Nirvana and “In Utero”: shaking things up

When Nirvana entered the studio to record their third and final studio album, “In Utero,” they were looking for a major departure from their first two albums. Instead, they scored a big hit with a record that fused the sonic pieces from those two previous LPs.

Back in 1989, when they released their debut album, “Bleach,” the musical mainstream wasn’t ready for swirling guitars. The huge chunks of distortion, the hard-hitting drums. And the slacker pop songs written by the leader Kurt Cobain. Sure, Jane’s Addiction, the first guardians of the alternative nation, released the seminal Nothing’s Shocking a year earlier, in 1988, but the seeds of revolution had yet to be sown.

Just two years later, Nirvana’s follow-up Nevermind simultaneously brought razors to the metal of the hair and a razor to the neck of contemporary adults. His arrival was arguably the biggest rock ‘n’ roll moment since the Beatles debuted on The Ed Sullivan Show, an appearance that Nirvana would later pay homage to with the “In Bloom” video, or when Bob Dylan dropped by. turned electric at the 1965 Newport Folk Festival.

The grunge pandemic swept the world at lightning speed, spawning imitators and crowning the Nirvana kings of the time. The overnight success of the trio raised the question: Would it be such a massive following? On September 21, 1993, Nirvana answered that question with In Utero.

The first noteworthy thing about the album is its producer. Given the success of Nevermind, it would have made sense for Nirvana to recruit Butch Vig again. But Cobain, Krist Novoselic and Dave Grohl took a less obvious and less commercial route by turning to the controversial Steve Albini. Albini, a former member of the Big Black and Rapeman noise bands, had run the boards on the Pixies’ 1988 debut, “Surfer Rosa,” and while Cobain and the gang looked to broaden their sound and broaden their reach by shrinking things, Albini seemed like the perfect person. man for the job.

Nirvana was also looking for a way out of the grunge gutter. “In Utero”, like “Bleach”, was going to be something the world wasn’t ready to hear. Except this time, the world was ready. And no matter what the band delivered, after “Nevermind” it probably would have sold a million copies.

Still, “In Utero” wasn’t particularly groundbreaking. Stronger, yes, but if Nirvana were looking for something truly out of the ordinary, they only got halfway there. If you listen to “Bleach” and “Nevermind” back to back, you can hear the chrysalis of “In Utero’s” sonic attack. It’s as if the band and Albini have ripped the previous albums to shreds and reassembled them into a Frankenstein monster. Taking the less accessible aspects of the first album and combining them with the gigantic hooks that Vig helped create on “Nevermind”.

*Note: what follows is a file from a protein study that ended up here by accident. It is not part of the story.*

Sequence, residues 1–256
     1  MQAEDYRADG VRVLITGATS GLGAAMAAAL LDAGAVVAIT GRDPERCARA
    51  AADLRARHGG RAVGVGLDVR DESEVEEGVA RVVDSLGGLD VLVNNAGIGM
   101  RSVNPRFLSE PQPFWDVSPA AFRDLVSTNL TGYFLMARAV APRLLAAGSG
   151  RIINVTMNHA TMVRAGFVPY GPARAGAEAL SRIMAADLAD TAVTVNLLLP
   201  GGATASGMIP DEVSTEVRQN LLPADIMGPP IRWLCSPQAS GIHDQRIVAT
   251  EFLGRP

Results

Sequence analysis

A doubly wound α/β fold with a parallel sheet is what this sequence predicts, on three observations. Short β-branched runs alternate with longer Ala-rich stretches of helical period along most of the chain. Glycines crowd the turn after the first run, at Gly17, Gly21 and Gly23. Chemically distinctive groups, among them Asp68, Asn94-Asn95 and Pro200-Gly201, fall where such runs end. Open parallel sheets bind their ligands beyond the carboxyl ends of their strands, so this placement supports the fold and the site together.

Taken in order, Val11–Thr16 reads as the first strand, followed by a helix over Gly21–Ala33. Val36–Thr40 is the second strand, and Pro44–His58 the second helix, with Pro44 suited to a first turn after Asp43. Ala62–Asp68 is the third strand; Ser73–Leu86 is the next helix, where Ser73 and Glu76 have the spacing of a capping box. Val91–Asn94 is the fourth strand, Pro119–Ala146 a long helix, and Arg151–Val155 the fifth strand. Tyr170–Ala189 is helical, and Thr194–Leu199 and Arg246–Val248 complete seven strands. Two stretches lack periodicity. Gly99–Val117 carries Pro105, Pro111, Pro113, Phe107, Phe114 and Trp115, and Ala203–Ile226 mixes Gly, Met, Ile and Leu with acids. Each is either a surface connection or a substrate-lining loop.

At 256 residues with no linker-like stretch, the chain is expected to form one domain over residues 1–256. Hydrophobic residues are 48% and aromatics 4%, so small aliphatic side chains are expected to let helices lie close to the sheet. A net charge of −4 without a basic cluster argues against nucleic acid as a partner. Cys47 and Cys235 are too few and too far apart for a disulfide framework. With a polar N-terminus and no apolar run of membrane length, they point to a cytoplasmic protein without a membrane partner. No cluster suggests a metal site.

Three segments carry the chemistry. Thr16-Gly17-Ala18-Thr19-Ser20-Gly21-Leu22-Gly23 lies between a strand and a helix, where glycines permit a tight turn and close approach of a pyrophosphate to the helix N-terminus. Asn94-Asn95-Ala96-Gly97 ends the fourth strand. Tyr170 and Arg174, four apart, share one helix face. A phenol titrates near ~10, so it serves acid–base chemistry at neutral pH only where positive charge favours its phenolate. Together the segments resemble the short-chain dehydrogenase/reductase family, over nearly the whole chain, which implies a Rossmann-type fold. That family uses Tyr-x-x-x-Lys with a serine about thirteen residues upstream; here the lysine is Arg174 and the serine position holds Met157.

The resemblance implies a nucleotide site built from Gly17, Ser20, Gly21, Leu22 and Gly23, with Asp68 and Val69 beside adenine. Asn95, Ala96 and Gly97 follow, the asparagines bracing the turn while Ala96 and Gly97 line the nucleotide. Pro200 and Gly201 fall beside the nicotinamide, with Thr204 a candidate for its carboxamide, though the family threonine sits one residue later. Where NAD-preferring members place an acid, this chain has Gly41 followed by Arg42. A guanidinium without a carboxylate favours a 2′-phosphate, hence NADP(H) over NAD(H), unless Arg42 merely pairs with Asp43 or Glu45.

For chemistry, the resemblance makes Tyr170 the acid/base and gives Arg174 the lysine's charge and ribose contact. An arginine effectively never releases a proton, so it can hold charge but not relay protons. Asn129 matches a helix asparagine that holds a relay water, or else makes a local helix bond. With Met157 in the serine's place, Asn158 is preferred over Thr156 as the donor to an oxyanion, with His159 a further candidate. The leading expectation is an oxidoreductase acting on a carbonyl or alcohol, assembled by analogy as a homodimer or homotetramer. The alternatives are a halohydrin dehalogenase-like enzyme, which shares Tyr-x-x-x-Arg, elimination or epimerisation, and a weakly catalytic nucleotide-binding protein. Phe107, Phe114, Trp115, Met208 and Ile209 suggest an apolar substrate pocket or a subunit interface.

“In Utero” differs from its predecessors in a couple of key ways. There are fewer effects and rawer guitars, which reduced the low E to a D. That technique became a hallmark of grunge and of the era. “In Utero” also features some weird time signatures (“Milk It”, “Radio Friendly Unit Shifter”). Screams of speed-metal (“Tourette’s”). And even a cello (“Dumb”, “All Apologies”).

Cobain’s deeper, darker lyrics take the twisted attraction of love and sexual violence (“Rape Me”) to film (“Frances Farmer Takes Her Revenge on Seattle” was partially inspired by a 1978 biography of the doomed actress).

Also notable are the listenable “Heart-Shaped Box”, “Rape Me” and closer “All Apologies”. Cobain had a knack for writing pop songs that sound inspired by 1960s garage rock and the British Invasion. They included simple structures (verse-chorus-verse) and sometimes a bridge; furthermore, they could be easily digested by a mass audience. The catchy songs sold “In Utero” to the masses. While the louder, more arty songs were there to represent the growth of the band, and perhaps to appeal to fringe fans caught up in the punk, metal, and hardcore scenes.

Even as the band tried to break new ground and possibly even turn off casual fans with a harder, less direct album, “In Utero” was a huge critical and financial success. It topped the US and UK charts, and the singles “Heart-Shaped Box” and “All Apologies” reached No. 1 on Billboard’s Alternative Songs chart.

Some might argue that Nirvana’s “MTV Unplugged in New York”, recorded on November 18, 1993, is actually the band’s farewell statement. But “In Utero” was his last album of new material. And, in that sense, it was his farewell to the world. He only listens to the ending song, “All Apologies”. Then and now, it marked an end.

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Nirvana and “In Utero”: shaking things up

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